As Vladimir Putin celebrates victory in Russia's presidential elections, an emboldened protest movement is planning a long campaign against him.
"Many Russians, especially in Moscow, are not going to accept Vladimir Putin as a legitimate president and even if Putin survives March and the next two months prior to the inauguration, he's badly wounded, maybe even deadly wounded as a political leader and I have no doubt that he will not survive the next six years."
- Garry Kasparov, an opposition figure
No one quite knows how the Kremlin will react - indulging the protests as they have since December or cracking down as they did in the past.
But the political opposition is just one of the obstacles Putin will face when he begins his six years in office.
A stagnating economy and rampant corruption provide challenges he may be unable, or unwilling, to overcome.
So, with Putin returning to the Kremlin, is Russia heading in the right direction? Who holds power in Russia today? What sort of country has evolved under United Russia Party rule? And will Putin's third term cement his legacy as a tsar or a reformer?
Inside Story, with presenter Sami Zeidan, discusses with Roman Dobrokhotov, the founder of 'Walking without Putin'; Sergei Alexandrovich Markov, a special electoral representative for Vladimir Putin and the vice-president of the Russian Economic University; and Federico Varese, a professor at Oxford University, an expert on Russian politics and the author of The Russian Mafia. Private Protection in a New Market Economy.
"This was a very important test for all of us - [a] test of political maturity, independence, sovereignty. We showed that no one can dictate anything to us. We showed that our people can distinguish between the desire for changes and the provocations aimed at breaking up our country."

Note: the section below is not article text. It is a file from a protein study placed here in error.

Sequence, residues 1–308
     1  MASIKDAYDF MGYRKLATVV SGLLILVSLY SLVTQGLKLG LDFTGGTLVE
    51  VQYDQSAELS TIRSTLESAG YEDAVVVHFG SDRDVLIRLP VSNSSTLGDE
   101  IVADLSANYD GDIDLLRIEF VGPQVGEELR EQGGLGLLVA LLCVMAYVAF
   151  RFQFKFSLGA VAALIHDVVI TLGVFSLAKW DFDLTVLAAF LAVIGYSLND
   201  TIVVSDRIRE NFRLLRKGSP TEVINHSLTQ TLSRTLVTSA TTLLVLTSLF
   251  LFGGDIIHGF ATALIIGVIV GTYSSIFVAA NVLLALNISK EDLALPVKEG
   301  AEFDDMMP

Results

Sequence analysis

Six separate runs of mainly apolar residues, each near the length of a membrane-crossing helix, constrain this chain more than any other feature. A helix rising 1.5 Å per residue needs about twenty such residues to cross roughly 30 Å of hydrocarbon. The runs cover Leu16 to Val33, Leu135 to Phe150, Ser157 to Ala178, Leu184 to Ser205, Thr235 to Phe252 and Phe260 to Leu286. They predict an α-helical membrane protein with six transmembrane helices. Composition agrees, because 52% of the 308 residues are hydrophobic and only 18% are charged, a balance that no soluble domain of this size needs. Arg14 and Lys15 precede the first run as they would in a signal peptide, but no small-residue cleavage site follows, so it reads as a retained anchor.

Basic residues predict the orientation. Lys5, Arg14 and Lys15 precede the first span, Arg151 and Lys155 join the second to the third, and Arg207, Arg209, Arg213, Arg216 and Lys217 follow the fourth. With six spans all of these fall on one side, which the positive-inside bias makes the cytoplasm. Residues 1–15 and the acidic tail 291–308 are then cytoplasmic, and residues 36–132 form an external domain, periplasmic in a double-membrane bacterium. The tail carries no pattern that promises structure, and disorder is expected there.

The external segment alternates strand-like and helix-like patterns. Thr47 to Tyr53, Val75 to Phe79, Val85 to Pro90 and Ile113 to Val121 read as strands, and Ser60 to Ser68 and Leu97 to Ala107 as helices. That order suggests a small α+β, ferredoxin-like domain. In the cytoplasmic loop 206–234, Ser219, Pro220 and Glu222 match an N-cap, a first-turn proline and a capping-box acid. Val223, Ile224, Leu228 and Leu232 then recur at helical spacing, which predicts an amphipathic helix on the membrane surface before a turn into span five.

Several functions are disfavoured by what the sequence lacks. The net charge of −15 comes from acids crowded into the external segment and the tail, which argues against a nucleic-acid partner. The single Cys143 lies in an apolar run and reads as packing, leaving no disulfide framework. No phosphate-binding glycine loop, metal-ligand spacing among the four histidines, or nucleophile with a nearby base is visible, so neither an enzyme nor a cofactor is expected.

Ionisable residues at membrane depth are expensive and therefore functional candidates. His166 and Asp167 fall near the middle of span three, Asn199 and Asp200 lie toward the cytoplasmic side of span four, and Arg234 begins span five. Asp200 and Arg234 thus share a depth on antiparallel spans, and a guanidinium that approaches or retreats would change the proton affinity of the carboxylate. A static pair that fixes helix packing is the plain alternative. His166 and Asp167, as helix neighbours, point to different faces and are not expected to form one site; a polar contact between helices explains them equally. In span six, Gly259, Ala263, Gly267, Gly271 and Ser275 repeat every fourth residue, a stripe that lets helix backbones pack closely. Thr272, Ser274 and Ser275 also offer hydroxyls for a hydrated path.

Vladimir Putin, Russia's president
FACTS: PUTIN'S POLITICAL CONTROL
- With little opposition Putin won elections in 2000 and again in 2004 with a landslide majority of 71%
- As president, Putin's reforms centralised state power in the Kremlin
- He restored the government's control over a substantial part of the oil and gas industries and re-stabilised Russia's economy after the crisis of 1998
- His party, United Russia, is the largest party in country and has dominated the Duma, Russia's lower house of parliament, since 2003
- Due to term limits, Putin stepped down in 2008 to become prime minister while Dmitry Medvedev succeeded him as president, yet many felt Putin still held power behind the scenes
- His control of power in Russian society has been extensive, with his influence being felt in both the judiciary and the media
- In 2003, Mikhail Khodorkovsky, a critic of Putin and once Russia's richest man, was controversially jailed for tax evasion and many wealthy opposition figures have ended up as fugitives living in exile abroad